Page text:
By Christina Banerjee
Being an elementary school art teacher for six years and a professional artist for 14 years, I have lived and worked in the United States and India and acquired a wealth of experience. With the recent lockdown many parents are having to watch over their children while also working from home and many of the support staff we are used to having around are unable to come to work.
The environment around appears calm and soothing but there is something ominous about the reasons for this calm. Many of us are on the edge, stressed about the possibility of contracting a deadly disease. Some of us may have more reasons to be worried about the future.
In such a scenario where negative thoughts seem to be floating in and out of our minds, art can come in handy to get rid of stress and anxiety, in addition to several other conditions. Most importantly, art is just fun at any age. Many of us may have lost touch with doing things with our hands. Our creative side may have been stifled because of our day to day struggles. So, this could be a great opportunity to get back in touch with it and rediscover how amazing it is to be creative and share this discovery with our kids as well.
Here I am sharing some art tips and projects your children can engage in to beat the lockdown blues. Art not only helps by providing a creative outlet, it can also turn a day into something magical for all of us challenging us to express our feelings and uplifting our spirits.
So, here are some simple ideas that can be most rewarding and least troublesome to plan:
1. Go outside on your balcony, terrace or veranda and use sidewalk chalk and let your kids and your own self simply ‘free draw’.
2. Take a blanket outside to an open area in your house, look at the clouds and ask your children what they look like. Does it remind them of animals, shapes, a parent maybe? Don’t forget to imagine it yourself too! When was the last time you did this?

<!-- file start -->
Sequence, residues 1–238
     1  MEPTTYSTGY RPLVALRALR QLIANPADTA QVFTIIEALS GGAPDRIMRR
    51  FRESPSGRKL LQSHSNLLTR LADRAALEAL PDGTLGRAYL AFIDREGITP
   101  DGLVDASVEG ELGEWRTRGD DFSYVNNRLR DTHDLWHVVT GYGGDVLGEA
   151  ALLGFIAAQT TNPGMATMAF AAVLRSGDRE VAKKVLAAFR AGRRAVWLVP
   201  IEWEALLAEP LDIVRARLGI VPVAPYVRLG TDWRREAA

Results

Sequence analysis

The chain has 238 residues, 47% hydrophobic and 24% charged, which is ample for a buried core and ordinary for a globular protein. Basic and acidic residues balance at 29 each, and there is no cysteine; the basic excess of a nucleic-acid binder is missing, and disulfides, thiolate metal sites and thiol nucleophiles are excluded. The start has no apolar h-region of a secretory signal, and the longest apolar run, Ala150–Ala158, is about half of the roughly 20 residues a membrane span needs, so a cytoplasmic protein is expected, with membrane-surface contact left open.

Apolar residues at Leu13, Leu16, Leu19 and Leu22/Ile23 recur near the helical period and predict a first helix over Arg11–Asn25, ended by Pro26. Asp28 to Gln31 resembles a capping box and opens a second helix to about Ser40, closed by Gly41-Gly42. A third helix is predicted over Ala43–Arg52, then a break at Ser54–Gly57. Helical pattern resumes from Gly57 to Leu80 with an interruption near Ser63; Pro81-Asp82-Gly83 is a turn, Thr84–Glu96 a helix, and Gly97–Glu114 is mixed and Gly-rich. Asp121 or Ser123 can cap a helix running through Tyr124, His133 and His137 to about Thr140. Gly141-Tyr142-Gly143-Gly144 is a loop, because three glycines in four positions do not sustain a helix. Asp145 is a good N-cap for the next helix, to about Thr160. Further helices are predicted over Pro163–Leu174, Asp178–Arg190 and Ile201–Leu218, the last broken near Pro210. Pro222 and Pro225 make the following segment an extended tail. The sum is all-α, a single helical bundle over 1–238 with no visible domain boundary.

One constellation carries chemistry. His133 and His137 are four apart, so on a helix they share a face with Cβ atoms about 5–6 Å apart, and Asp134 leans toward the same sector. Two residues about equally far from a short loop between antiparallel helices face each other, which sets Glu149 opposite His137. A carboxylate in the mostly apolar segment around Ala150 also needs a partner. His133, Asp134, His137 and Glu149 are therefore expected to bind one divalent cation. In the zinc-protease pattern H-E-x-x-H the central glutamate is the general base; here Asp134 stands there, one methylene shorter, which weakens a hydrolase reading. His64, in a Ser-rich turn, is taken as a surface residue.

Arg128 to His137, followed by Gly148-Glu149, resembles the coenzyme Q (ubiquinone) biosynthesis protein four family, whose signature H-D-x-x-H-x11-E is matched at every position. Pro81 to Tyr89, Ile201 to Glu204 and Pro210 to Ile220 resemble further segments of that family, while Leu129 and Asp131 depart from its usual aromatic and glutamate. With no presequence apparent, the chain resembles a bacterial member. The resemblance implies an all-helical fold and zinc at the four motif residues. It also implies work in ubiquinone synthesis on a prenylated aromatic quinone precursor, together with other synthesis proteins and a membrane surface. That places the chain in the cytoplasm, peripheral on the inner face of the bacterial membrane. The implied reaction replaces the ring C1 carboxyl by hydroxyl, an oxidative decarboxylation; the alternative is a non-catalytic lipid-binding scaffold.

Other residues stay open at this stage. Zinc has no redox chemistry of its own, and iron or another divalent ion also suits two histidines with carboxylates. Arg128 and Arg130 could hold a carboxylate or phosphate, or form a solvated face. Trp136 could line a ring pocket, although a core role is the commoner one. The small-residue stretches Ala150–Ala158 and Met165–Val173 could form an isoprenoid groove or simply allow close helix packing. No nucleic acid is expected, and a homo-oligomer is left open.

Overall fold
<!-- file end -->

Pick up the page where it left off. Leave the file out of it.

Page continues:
3. Let the children colour a piece of paper with crayons in any way they want. Find objects like plastic bottles or toilet paper rolls. Dip one end of these into black paint and help them stamp them onto a colourful background.
4. Cut a shape of a mask (best you can) with eye holes onto paper and let them use glue to stick old scraps of paper from wedding invites, ribbons, old beads, old Diwali cards, etc, onto the mask. You can punch holes on the sides of the mask and use ribbons for ties.
5. Find any old scraps of paper, ribbon and a blank piece of paper and let the little ones enjoy just gluing and sticking things, letting their imagination run wild!
6. Help them make a stamp by carving a shape into half of a potato. Use any colour of paint to help them stamp onto paper. You can also use apples cut in half and the bottoms of celery and cauliflower to make flower shaped stamps. You could also use vegetables and fruits that have been chopped or were about to get discarded.
7. For the really little ones, use a low tack artist tape or any non-transparent tape to make shapes like a triangle, circle, square and rectangle and have the kids sit in front of it and show them every day ordinary objects like an iPad which is rectangle shape and have them place it by the tape shape on the floor. Other examples are some books are squares, bottom of a cup is a circle etc. It shows them how to see the world in different shapes. However, make sure you don’t damage your flooring!